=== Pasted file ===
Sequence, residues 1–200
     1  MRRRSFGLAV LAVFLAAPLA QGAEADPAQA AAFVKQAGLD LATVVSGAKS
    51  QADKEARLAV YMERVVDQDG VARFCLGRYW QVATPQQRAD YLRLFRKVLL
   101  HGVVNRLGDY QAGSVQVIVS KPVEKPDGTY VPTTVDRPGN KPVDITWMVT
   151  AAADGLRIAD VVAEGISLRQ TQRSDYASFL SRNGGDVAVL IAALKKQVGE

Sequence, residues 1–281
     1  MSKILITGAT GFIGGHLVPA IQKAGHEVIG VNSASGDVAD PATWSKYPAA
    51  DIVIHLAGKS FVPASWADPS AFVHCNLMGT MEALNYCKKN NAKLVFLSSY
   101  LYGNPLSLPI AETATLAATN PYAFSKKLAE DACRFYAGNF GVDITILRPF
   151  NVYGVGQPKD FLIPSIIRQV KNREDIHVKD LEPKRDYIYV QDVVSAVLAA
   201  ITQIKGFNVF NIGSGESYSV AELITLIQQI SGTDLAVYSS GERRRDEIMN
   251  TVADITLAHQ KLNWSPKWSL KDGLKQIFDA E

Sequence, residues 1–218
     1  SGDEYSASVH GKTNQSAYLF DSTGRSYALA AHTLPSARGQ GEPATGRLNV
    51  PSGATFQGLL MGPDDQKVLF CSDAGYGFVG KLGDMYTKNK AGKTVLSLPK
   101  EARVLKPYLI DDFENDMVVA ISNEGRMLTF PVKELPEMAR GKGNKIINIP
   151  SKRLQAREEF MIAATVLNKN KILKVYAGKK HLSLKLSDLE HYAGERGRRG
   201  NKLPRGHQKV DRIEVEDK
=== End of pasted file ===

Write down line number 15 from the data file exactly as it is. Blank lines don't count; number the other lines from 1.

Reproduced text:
    51  PSGATFQGLL MGPDDQKVLF CSDAGYGFVG KLGDMYTKNK AGKTVLSLPK